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Full text of "Verdict On India"

LOOSE £KDS                                          229
to ran ui the lace of religious sentiment to the extent of having
numbers of these unhappy creatures put out of their agony.
In Mysore city it is the same tale—hospitals, research institutes,
schools of arts and crafts—instead of being few and far between,
they crowd together. And when you leave the city and drive out
into the country, you drive on broad well-surfaced roads through
fields of abundance. As far as the eye can see stretch fertile acres,
plentifully nourished by an immense irrigation system. When you
leave the road, and set off on foot, the villages through which you
pass are—for India—almost clean. It is necessary to make this
qualification : the word 'clean * in India has a very different inter-
pretation from the word "clean' in any other councry.
* These signs and portents'—you may suggest—"are only the
casual impressions of a tourist. It would still be possible, behind
this pleasing facade, for autocracy and oppression, to flourish in
their most odious forms/
That is possible, but it does not happen to be the case.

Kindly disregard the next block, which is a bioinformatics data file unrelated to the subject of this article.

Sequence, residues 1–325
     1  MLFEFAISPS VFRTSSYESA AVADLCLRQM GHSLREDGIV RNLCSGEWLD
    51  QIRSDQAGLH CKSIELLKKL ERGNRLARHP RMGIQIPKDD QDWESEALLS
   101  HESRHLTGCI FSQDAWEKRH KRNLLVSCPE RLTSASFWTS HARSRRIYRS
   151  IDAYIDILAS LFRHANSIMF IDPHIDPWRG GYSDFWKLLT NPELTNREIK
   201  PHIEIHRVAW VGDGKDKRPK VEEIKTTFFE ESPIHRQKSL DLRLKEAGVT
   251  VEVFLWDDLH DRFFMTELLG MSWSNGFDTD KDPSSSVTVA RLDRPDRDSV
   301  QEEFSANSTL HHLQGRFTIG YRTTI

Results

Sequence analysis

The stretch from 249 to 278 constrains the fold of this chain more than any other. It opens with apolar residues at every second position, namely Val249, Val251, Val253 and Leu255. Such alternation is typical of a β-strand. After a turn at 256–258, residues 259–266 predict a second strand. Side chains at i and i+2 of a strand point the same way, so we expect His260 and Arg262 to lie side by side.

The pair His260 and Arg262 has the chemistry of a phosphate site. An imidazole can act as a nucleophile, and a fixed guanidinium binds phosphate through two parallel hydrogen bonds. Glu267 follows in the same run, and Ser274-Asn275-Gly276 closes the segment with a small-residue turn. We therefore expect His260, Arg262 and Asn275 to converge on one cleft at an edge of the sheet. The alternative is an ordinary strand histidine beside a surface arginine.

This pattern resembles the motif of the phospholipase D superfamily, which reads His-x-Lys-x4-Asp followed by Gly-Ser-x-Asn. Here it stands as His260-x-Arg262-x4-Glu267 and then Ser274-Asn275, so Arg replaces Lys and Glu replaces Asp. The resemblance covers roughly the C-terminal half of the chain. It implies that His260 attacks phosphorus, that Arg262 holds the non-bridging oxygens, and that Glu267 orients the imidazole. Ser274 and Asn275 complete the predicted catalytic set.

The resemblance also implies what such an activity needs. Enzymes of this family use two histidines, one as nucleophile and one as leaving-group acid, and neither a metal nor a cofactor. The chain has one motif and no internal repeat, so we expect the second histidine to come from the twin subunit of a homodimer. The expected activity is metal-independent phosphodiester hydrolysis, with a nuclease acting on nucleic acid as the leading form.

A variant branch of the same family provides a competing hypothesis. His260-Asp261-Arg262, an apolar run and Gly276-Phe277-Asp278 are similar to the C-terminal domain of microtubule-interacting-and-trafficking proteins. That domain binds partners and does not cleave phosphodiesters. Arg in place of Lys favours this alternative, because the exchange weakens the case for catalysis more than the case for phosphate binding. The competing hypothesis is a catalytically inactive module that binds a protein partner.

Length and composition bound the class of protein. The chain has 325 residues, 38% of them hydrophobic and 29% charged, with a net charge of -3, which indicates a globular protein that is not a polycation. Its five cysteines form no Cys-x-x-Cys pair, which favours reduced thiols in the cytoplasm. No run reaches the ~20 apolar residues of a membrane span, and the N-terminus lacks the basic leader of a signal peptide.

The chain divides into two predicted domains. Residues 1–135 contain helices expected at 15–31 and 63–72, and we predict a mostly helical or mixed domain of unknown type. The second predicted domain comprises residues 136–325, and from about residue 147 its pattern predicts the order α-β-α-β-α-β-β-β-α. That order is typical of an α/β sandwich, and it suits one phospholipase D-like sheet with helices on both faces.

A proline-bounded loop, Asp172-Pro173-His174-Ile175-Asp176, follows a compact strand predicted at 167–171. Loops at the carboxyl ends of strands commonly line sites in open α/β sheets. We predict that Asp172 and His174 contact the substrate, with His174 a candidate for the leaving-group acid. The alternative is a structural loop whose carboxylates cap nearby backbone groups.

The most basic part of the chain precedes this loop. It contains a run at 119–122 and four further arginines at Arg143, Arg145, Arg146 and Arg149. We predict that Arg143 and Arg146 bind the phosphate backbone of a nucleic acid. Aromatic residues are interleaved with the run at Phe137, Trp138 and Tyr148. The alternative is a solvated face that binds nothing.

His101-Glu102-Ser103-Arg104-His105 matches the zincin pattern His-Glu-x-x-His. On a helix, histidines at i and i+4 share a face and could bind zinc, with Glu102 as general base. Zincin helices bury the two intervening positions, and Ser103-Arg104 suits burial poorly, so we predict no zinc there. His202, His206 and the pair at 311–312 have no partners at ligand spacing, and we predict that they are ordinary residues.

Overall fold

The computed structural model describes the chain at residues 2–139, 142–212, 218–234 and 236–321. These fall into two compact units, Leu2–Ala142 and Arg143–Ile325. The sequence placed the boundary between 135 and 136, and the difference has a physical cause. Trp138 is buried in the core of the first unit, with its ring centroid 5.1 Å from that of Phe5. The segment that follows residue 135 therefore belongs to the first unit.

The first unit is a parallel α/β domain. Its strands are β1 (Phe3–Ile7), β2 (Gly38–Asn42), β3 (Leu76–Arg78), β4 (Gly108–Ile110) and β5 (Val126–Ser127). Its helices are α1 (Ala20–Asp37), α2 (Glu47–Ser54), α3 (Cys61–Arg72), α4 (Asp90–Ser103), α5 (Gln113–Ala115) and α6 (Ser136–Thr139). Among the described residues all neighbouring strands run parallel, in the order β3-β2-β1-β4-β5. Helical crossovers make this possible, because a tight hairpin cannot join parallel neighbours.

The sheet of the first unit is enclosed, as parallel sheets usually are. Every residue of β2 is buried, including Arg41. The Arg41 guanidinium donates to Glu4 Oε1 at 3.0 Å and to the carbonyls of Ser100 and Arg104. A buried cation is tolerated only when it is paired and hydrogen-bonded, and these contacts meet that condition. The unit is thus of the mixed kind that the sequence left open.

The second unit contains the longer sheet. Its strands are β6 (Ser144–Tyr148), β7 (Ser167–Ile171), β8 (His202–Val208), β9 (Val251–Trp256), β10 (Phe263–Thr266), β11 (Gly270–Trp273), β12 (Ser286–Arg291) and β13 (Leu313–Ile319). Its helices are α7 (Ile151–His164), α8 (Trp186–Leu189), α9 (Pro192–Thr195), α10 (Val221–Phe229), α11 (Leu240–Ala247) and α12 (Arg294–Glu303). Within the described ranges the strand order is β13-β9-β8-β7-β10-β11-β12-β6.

In the sphere of government we find the same high level, both
iix theory and in practice. To sneer at Mysore's representative
institutions merely because the executive is not fully responsible
to the legislature is as foolish as to deny all merit to the House of
Lords. In theory, the House of Lords is not easily defensible (a
number of admirable institutions in many countries have no
theoretical justification), but in practice, at least to-day, it serves
a valuable purpose. And although, in, Mysore, the executive is
in somewhat the same position as was the House of Lords at the
beginning of the present century, it rarely ventures to cross swords
with the popularly elected legislature, which is conscious of its
power.
Any man who assumes that democracy cannot live or flourish
in the atmosphere of an Indian State should disabuse himself of
this illusion by studying the debates of the Mysore Legislative
Council; few democratic assemblies could rival the high quality
x>f their eloquence nor the ample reserves of their common, sense.
Just before I arrived in the State there had been; heated discussions
4u the Council concerning the Collective Pines Bill, a measure
which aimed, as its title suggests, at imposing a collective fii^e on
all the inhabitants of those villages which had been concerned in